Just a short week after President-elect Barack Obama was voted into office, Denise Campbell received a phone call that presented her with the opportunity of a lifetime – an invitation to take part in celebrations leading up to the president’s inauguration.
Cal Poly’s associate vice president of Student Affairs was asked to make a quilt to be featured in the “Quilts for Obama: Celebrating the Inauguration of Our 44th President” display at the Historical Society of Washington, D.C. Sunday.
When she first received the call, Campbell was in shock and didn’t believe that the request was real. She held back her desire to tell others because she half expected a phone call back apologizing for the misunderstanding.
“I thought to myself, ‘there are so many other more qualified quilters,'” she said. “It was so surreal.
I wasn’t sure I could do something worthy of the occasion.”
With only weeks to work, Campbell responded to the pressure with her thought-provoking quilt “From Kenya to Kansas the World Rejoices” which will be represented along with 43 other quilts to commemorate the inauguration.
The theme of Campbell’s quilt is diversity. The title of the quilt lends itself to be interpreted as such.
“I wanted to show diversity of not only how different people are experiencing this moment, but how different cultures are experiencing it too,” she said.
Nothing about this quilt is simple. From the general shape of it to the detailed people included in it, intense thought went into every aspect of the piece.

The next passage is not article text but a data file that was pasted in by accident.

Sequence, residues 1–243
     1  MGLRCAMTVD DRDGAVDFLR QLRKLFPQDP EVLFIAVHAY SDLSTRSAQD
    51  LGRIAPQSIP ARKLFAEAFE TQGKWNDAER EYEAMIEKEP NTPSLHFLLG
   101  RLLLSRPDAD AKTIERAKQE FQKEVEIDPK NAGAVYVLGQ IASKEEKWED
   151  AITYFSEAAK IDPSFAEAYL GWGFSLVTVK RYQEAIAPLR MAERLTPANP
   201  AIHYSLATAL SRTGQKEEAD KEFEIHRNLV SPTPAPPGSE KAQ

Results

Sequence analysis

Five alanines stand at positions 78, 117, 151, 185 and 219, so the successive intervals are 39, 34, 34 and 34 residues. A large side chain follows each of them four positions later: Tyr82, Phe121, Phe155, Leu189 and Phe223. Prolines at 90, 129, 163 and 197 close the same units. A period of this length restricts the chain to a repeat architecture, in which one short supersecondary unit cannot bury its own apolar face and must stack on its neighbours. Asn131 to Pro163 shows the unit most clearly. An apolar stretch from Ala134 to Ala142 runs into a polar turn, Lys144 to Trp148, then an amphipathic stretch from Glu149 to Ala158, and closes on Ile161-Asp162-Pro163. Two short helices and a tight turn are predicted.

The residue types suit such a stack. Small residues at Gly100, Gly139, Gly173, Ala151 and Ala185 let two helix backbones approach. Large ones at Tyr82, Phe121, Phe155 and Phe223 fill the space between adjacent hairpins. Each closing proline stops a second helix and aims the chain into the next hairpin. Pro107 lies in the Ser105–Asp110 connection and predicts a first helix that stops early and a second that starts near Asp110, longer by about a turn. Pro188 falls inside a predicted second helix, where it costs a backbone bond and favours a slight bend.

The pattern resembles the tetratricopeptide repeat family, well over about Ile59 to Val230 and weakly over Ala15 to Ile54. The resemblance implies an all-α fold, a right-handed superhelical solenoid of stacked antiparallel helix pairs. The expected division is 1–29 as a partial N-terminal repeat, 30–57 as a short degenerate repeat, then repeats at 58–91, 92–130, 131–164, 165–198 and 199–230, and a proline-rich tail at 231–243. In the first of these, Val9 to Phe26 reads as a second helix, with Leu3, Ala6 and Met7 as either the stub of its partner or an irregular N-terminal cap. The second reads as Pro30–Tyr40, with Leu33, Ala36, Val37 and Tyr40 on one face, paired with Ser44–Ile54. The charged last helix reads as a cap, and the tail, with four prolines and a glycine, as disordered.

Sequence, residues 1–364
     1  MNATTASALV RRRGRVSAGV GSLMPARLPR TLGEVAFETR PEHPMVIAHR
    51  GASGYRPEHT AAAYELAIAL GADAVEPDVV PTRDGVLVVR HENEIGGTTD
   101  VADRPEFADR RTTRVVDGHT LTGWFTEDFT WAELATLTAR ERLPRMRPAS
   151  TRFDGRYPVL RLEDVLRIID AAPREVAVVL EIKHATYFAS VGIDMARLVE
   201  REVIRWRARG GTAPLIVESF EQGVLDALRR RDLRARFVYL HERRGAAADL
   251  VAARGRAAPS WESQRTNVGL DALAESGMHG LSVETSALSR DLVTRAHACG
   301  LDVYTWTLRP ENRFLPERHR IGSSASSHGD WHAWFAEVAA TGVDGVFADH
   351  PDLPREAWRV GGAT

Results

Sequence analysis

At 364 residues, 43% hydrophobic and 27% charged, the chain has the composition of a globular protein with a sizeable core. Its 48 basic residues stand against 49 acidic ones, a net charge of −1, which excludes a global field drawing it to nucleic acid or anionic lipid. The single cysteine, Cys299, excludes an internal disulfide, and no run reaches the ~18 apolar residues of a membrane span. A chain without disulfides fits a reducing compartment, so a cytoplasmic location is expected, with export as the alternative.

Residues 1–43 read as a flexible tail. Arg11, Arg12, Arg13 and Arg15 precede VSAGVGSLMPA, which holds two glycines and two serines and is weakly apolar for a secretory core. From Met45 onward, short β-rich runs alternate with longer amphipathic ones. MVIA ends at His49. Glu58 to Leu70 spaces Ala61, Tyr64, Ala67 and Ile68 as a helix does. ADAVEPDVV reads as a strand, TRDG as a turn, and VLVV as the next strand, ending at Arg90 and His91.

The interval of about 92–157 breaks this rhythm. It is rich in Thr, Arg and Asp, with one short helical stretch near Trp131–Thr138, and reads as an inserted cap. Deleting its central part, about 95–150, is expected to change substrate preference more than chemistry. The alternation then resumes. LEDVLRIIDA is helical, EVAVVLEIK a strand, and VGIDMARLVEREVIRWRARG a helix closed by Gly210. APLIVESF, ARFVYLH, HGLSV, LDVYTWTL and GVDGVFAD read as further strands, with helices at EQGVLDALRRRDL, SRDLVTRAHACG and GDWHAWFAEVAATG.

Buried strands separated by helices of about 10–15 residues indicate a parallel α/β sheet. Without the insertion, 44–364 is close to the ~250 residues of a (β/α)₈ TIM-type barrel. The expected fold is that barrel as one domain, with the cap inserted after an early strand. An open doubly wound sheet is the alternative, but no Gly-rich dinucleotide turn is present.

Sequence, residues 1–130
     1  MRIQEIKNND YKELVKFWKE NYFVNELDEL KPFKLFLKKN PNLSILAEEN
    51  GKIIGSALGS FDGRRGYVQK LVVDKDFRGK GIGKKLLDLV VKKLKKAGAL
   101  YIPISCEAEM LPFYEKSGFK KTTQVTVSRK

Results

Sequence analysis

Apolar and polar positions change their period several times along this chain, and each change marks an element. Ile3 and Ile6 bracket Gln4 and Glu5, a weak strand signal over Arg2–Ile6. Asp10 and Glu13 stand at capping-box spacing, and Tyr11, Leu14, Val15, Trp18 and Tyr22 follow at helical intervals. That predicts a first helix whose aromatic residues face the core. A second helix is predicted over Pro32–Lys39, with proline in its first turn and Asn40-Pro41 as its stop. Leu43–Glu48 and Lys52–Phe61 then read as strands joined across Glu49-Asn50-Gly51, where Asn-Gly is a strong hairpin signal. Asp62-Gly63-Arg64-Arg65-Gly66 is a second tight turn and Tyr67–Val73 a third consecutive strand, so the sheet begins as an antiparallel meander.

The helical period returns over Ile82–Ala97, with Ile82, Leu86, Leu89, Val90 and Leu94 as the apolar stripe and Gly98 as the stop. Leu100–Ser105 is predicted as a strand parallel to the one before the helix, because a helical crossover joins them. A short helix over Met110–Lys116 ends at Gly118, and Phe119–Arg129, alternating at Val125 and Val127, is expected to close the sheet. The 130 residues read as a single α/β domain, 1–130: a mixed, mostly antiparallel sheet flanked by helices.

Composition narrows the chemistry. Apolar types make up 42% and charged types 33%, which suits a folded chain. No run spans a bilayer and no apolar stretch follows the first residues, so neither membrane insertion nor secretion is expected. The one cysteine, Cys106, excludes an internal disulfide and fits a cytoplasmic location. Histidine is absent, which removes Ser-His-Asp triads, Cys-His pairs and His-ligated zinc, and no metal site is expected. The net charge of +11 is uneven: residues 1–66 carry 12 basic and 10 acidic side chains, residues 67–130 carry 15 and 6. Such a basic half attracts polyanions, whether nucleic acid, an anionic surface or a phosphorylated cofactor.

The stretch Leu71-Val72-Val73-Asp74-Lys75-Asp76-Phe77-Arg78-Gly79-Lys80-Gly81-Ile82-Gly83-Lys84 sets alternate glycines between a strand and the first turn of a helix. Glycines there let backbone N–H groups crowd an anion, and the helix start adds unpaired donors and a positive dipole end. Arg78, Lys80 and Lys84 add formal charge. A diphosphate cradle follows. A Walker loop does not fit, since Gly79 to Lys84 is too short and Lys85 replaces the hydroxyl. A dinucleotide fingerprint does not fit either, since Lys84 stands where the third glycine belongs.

The circular shape of the quilt was made to represent ‘O’ for Obama.
The green cloth that provides a background to the different characters and settings of the quilt represents, as Campbell put it, “(Obama’s) sensitivity for sustainability and the economy.”
The lawn of the White House was quilted in an oak leaf pattern, which was a way of threading commonly used by enslaved quilters.
“We were asked not to focus on the past, but on the journey,” she explained the reason for using the pattern. “This was just a subtle indicator that enslaved African Americans built the White House.”
Campbell has been quilting since 1979 and some of her works can be seen in such books as, “Textural Rhythms: Quilting the Jazz Tradition” and “Threads of Faith.”
Cal Poly will also be involved in the celebration. Included in one of the scenes portrayed on the quilt is a veteran standing by a wall that has congratulatory messages written on it. Cal Poly students and faculty, as well as members of Campbell’s husband’s oncology staff, wrote those messages.
Chris Campbell is feeling the effects of a form of pneumonia that hasn’t received a definitive diagnosis. He first became sick in 2008 and continues to receive chemotherapy today in hopes of eliminating the hemorrhaging blood vessels causing the problem.
Needless to say, this year has been a difficult one for the Campbell family, but they’ve found a bright note with this celebration.
“This is the biggest moment I’ll have in my life, as an artist anyway, to be asked to celebrate this moment in such a tangible way,” she said.